Lakhsamana Sena (1185-1206) of the Sena dynasty was in power when Muhammad Bakhtiar Khilji overran Bihar and Bengal towards the end of the 12th century. He ransacked and trazed to ground the ancient universities of Nalanda and Vikramshila. Bakhtiar Khilji was the first Viceroy of Bihar and Bengal under the Turko-Afghan rulers of Delhi. South Bihar was more firmly annexed to Delhi in 1330. Towards the close of the fourteenth century, virtually the whole of Bihar was annexed to the kingdom of Jaunpur and remained under it for almost a hundred years. The rule of Jaunpur was terminated by the successful expeditions of Hussain Shah of Bengal. Humayun invaded Bengal in B. C. 1540. He passed through Bhagalpur but was checked by Sher Shah in the narrow defile between the Ganges and the Rajmahal hills. On his accession to the throne in 1556, Akbar finally broke the Afghan power and established Mughal authority on a sound footing. Bhagalpur was constituted as a part of the Sarkar of Munger. Akbar’s forces marched through Bhagalpur in 1573 and 1575. There was a military revolt against Akbar in 1580. The rebels had an army of about 30,000 cavalry and were encamped at Bhagalpur, Akbar sent his Finance Minister, Todar Mall, to quell the rebellion which he successfully accomplished. He prevailed upon the local zamindars to cut off all supplies to the insurgents who had perforce to scatter away.

British period

For the next two centuries Bihar including Bhagalpur of which Banka district was part, was governed by the Muslim Viceroys of the Mughal Emperors, with their seat at Rajmahal. This terminated in 1769 when the East India Company first appointed ‘supervisors’ in the district. Augustus Cleveland became the first collector in 1779. In a brief span of four years that he held office, Cleveland 21 accomplished a great deal in conciliating the hill tribesmen of the Santhal Pargana. A pyramidal monument to him still exists in Bhagalpur city. The subsequent history of the district is rather uneventful. The Santhal rebellion led to the creation of the new non-regulation district of the Santhal Pargana in 1855-56.

1857 Movement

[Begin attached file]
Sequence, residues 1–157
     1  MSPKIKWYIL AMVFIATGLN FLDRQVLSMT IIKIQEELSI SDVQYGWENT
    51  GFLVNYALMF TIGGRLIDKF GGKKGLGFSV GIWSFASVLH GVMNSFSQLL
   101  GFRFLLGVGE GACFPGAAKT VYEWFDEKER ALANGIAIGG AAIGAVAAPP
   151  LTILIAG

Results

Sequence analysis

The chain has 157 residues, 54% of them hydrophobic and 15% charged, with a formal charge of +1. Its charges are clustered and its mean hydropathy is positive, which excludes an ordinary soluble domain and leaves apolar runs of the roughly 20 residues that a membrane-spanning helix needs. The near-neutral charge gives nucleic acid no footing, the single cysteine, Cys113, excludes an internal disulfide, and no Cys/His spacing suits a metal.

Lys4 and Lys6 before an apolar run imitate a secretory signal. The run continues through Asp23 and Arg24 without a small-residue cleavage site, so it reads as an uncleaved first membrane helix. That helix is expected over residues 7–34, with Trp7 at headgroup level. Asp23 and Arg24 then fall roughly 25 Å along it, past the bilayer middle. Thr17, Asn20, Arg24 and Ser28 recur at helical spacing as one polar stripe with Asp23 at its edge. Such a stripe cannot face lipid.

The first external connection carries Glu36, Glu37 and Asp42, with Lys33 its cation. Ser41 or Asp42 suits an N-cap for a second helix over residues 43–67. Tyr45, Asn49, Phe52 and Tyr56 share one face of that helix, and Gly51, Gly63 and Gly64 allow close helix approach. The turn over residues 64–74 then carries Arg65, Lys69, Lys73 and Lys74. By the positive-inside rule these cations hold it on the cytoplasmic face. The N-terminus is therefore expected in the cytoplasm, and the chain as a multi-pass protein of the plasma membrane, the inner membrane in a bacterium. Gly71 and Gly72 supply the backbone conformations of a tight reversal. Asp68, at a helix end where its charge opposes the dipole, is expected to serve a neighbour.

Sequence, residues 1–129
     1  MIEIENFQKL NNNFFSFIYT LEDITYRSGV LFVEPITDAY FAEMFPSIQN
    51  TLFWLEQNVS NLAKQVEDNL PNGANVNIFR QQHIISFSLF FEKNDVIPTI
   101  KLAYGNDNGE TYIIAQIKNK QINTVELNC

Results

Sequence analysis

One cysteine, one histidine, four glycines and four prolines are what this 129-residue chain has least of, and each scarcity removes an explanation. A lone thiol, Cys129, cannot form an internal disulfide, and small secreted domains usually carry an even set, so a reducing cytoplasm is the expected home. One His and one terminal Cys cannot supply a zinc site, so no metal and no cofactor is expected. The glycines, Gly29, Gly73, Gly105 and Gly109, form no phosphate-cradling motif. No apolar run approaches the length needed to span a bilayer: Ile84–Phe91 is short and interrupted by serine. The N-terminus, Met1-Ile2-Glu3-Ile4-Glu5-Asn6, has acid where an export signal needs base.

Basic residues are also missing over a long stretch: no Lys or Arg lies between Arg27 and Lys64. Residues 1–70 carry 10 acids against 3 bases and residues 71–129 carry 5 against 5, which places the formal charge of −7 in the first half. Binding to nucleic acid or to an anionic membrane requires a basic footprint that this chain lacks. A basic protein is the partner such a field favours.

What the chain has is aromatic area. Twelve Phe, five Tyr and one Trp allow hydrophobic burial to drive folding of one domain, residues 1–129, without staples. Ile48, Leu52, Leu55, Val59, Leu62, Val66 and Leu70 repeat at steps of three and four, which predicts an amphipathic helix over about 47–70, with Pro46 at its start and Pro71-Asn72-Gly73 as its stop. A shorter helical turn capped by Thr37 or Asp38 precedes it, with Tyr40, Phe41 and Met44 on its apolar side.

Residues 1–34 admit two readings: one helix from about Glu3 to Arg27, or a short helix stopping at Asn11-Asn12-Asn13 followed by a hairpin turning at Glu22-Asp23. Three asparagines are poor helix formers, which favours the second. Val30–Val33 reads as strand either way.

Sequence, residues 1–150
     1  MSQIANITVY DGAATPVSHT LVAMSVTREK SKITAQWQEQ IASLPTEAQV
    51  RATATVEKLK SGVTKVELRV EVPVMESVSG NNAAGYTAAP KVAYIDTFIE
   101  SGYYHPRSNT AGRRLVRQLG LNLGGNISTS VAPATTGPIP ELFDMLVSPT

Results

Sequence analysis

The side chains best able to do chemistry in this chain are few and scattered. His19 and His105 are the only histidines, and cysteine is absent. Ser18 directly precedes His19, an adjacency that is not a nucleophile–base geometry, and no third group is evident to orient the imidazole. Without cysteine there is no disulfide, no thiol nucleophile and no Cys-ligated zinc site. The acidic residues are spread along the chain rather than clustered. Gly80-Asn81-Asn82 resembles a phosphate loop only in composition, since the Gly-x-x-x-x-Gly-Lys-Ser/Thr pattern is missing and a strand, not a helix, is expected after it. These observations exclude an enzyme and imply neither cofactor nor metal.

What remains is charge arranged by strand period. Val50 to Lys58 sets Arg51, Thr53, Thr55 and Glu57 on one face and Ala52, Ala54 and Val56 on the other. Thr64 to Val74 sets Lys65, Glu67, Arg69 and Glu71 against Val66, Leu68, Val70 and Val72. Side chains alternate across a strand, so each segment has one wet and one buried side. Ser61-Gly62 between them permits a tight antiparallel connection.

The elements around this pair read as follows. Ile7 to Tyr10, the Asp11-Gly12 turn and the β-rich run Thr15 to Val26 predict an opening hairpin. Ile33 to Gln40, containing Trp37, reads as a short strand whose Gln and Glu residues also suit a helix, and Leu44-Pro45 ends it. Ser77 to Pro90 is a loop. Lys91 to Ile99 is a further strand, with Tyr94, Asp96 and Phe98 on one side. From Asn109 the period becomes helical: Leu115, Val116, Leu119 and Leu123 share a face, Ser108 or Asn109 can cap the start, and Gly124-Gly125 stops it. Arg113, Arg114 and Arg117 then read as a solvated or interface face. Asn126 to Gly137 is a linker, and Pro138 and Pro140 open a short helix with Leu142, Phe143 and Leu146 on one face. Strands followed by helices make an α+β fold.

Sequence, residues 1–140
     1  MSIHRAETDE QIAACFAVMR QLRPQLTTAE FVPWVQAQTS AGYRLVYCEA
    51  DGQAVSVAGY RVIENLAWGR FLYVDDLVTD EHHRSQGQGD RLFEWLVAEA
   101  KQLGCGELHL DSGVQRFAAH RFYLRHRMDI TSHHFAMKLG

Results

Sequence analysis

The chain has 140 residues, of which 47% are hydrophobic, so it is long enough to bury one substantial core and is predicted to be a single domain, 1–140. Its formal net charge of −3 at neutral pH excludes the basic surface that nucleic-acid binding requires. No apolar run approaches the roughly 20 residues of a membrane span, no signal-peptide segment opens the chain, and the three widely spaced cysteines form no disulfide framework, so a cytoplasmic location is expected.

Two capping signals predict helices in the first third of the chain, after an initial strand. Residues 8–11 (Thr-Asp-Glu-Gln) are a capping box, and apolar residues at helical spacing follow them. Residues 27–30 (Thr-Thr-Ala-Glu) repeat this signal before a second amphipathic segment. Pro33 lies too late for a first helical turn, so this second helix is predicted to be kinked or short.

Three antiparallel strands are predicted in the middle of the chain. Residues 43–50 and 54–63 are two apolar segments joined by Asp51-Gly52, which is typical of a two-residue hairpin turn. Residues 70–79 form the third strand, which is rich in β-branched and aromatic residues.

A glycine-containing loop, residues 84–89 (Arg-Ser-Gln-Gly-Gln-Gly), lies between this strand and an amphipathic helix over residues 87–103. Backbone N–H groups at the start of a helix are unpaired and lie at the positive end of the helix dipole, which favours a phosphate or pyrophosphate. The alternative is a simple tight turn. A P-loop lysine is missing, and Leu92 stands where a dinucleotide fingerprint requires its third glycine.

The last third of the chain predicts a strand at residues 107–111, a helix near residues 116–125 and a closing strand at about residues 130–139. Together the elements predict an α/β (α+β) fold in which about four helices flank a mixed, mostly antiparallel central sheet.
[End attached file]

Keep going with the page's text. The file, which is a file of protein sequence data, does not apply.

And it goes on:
The movement of 1857 did not have very great repercussions in Bhagalpur of which Banka district was a part. On learning of the rising at Dinapur and Munger, Mr. Yule, who was then Commissioner, stopped a detachment of 100 European soldiers of the Fifth Fusiliers and posted them at Bhagalpur. At that time the 5th Irregulars were stationed at Bhagalpur and the 32nd Native Infantry at Bausi. The former revolted on the 14th August and marched to Rohini to join a detachment of their regiment stationed at that place. The combined force marched to Bausi. But the Colonel of the 32nd Native Infantry had been forewarned and he succeeded in preventing his men from joining the insurgents. The latter then marched off towards Deoghar. Although the 32nd Native Infantry had not risen against the British earlier, it revolted on the 9th October, and killed Lt. Cooper and Mr. Ronald, the Assistant Commissioner. This rising was short lived and the insurgents laid down arms of their own accord soon after. The district of Banka played an important role in the country’s freedom struggle. It was influenced by the Swadeshi Movement in the first decade of this century. Periodicals from Calcutta which advocated the Swadeshi cause had good circulation in Bhagalpur of which Banka district was a part. There was effective public participation in the movement for boycott of foreign cloth in the early days of the struggle for Indian Independence under Gandhi’s leadership. The Students’ Movement was emerging in the next decade and Banka participated in it with great fervour. Some of its annual conventions were held in Bhagalpur. Banka responded adequately to Gandhiji’s calls during the Non-Cooperation and Civil Disobedience Movement. The Congress office, Khadi depot and Charkha Sangha were taken over by the police. Over 1,600 persons were arrested in the district in 1930. In 1942 a large number of meetings were held and processions taken out after the arrest of the national leaders. The district played a prominent role in the subsequent event which continued till the country’s independence.